Surely you've heard of New Yorkers who've never been to the Statue of Liberty. This article isn't about New York, but it's the Sign College equivalent. We've published over 400 articles during the years, all of which are designed to educate our customers. We have basic guides aplenty but somehow, we have overlooked one of the most basic questions about digital sign-making. It's a question we hear on a regular basis. 'What is Punched Vinyl?' I know, right. If you're an experienced sign maker, you could probably write this one yourself. If you're scratching your head thinking, 'what the heck is punched vinyl', this article is for you. We'll bring you up to date on the history, purpose, pros, cons, and aliases of punched vinyl.

Punched Vinyl: What and Why

FIG 1: A Gerber IVB similar to those sold by Vinyl Express in the early 80s.
FIG 1: A Gerber IVB similar to those sold by Vinyl Express in the early 80s.

The story of punched vinyl is the story of the advent of digital sign making. The first computer-driven vinyl cutter came to market in 1982 when Gerber Scientific introduced the SignMaker III. The SignMaker III used a tractor feed or pin feed system to advance adhesive-backed rolls of vinyl. These are similar to old dot matrix printers used in office settings of that era. If you've been to a NAPA store recently, your receipt may have come from a printer using the same system.

Anyway, the vinyl had to have holes punched in the edges in order to fit over the SignMaker's sprockets. This is the basic meaning of the term punched vinyl. It's also referred to as perforated vinyl because of course the edges are perforated. And some just call it 'perf'. Bet you thought we were kidding about the aliases. So that's the 'What'. Now you may be wondering why this stuff is still around. The 'why' is simple. Gerber sold lots and lots of plotters. They had help.

One of the earliest resellers was a young startup company called Vinyl Express, located in Sherman, TX. Yeah, that's us. In fact, we have a few customers who are still using Gerber IVB plotters (Fig 1) they bought from Chris and Erik Gripp back in 1984. SignWarehouse has been an integral part of the digital sign making industry for over 30 years. But enough with the history lesson. The other relevant question is 'what happened?' Why isn't all vinyl still punched or perforated? In short, nobody's perfect. Despite being revolutionary technology, tractor-fed plotters have drawbacks. Time for a brief look at the pros and cons.

Punched Vinyl: Pros & Cons First the upside. Tractor-fed vinyl cutters provide outstanding tracking. They keep the vinyl perfectly straight by virtue of the sprockets through the perforations. The downside is that, you always have to load a new roll of vinyl. And it has to match the fixed size of the plotter. The early Gerber plotters were 15" machines. If you have a 15" plotter and you need to make taller letters, you have to tile them together, which adds cost and complexity.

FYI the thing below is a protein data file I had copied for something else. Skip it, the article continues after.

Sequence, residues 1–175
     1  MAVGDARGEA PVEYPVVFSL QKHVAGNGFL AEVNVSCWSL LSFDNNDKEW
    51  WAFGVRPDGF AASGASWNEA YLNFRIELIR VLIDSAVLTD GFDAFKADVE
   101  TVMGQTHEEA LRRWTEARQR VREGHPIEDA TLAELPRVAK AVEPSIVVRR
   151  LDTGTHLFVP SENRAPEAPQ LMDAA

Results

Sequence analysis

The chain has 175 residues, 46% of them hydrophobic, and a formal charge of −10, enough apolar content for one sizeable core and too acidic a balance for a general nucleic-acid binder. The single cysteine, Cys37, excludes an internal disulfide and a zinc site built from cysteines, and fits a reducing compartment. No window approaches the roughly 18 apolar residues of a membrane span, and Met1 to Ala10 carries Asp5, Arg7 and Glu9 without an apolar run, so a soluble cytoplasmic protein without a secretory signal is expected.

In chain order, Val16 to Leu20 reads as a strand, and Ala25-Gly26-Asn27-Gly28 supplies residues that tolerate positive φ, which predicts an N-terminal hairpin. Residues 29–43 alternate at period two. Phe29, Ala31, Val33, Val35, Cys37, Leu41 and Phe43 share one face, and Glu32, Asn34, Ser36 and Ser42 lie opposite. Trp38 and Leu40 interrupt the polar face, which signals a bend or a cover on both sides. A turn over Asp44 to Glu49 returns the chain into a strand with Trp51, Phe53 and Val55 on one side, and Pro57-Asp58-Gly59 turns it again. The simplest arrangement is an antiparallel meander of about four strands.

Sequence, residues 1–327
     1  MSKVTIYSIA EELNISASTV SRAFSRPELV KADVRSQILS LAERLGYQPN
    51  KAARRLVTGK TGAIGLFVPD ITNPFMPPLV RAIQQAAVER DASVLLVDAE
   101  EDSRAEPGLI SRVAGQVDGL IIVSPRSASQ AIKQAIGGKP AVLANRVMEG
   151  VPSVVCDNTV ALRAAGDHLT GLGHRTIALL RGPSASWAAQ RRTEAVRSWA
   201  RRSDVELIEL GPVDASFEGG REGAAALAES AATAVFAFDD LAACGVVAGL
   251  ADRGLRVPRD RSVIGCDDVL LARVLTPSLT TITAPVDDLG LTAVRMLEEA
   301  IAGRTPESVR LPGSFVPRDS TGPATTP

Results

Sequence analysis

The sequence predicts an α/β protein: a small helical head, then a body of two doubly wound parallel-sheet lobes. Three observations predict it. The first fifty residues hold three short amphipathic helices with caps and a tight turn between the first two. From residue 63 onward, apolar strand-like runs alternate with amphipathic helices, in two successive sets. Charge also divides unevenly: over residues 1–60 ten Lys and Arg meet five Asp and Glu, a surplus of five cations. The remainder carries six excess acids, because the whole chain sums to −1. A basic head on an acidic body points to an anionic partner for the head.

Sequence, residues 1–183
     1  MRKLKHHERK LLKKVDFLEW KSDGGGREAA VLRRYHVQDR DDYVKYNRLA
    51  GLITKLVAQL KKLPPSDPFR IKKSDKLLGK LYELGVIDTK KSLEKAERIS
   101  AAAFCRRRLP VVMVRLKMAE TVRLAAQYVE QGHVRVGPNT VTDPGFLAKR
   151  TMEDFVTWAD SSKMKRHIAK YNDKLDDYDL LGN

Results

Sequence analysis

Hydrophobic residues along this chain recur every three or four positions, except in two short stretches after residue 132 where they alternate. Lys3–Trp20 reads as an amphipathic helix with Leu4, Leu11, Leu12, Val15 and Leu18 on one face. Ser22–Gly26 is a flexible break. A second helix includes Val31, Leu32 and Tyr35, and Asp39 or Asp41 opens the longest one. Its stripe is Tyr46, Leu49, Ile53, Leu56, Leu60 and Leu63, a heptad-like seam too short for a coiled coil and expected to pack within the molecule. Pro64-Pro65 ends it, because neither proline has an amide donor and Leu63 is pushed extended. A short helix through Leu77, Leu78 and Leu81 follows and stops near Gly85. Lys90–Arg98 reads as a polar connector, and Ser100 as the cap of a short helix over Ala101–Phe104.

Gerber added a 30" model to accommodate the need for larger letters, but that also exacerbates the other downside of having to load 15" or 30" vinyl. Waste. What happens if you only need a 6" letter? What happens to the rest of that vinyl? It's not the most economical approach to sign making. And sign makers are nothing if not economical. The market cried out for a more pragmatic approach and other manufacturers filled that need with friction fed plotters.

The Power of Pinch Rollers

FIG 2. The Q Series and FC8000/8600 cutters are engineered for superior tracking
FIG 2. Most plotters use pinch rollers and a grit roller to control the vinyl.

Friction-fed plotters use pinch rollers and a grit roller to squeeze the vinyl and hold it in place. (FIG 2) The main advantage of friction-fed plotters is their flexibility. Users can adjust the positions of the pinch rollers to hold and cut vinyls of varying widths. You can even load scraps if they're large enough. Goodbye waste! Because of these advantages, most vinyl cutters sold today use a friction-fed system.

While tractor-fed plotters still hold an advantage in tracking performance, the best modern friction-fed vinyl cutters produce tracking that goes beyond what most sign shops will ever need. The Vinyl Express Q Series for instance, comes with a 50-foot TrueTrack Guarantee. The versatility of friction-fed plotters lead to a wider variety of standard vinyl widths. Today SignWarehouse offers vinyl ranging from 8" to 30" wide. The vast majority of vinyl used today comes in 12", 15", or 24" rolls. This brings up another drawback to tractor-fed plotters. If you're limited to 15" perf, there are lots of awesome products you just can't use.

Why is it still here? Since friction-fed vinyl cutters and non-punched vinyl have pretty much taken over the market, you might be wondering why your 15" rolls of 651 still have holes in them. It's a matter of preference vs. necessity. If you have a friction-fed plotter and you get a roll of punched film, you might need to adjust your pinch rollers inward a smidge for optimal tracking. Yes, this means your 15" roll is now effectively 14" or so, but that's usually not a deal-breaker.

Getting a roll of punched vinyl may be an inconvenience, but it won't bring your shop to a grinding halt. But, as noted above, there are still sign shops out there using their old Gerber 4B. And Gerber is still in business selling - you guessed it- tractor-fed vinyl cutters. And anyone who owns one of these delightful devices HAS to have punched vinyl.

So some vinyl manufacturers, including ORAFOL, have defaulted to perforation in deference to their Gerber using customers. So now you know what punched vinyl is, and why it's still around. And we apologize for taking so long to get to it. If you're a New Yorker who's never been to the Statue of Liberty, we're sure you'll understand.